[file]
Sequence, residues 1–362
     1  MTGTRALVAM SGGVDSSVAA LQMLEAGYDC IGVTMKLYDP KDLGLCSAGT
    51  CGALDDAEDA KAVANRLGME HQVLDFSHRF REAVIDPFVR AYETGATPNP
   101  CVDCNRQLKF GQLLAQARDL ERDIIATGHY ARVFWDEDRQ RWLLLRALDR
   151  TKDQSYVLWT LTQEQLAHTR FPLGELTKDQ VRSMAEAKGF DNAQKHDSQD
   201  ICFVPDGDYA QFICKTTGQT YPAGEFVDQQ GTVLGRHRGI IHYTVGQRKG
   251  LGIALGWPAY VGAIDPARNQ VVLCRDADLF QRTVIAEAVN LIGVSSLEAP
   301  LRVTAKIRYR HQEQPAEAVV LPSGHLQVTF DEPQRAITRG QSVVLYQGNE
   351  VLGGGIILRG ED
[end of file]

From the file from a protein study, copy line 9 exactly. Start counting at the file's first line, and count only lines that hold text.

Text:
   351  VLGGGIILRG ED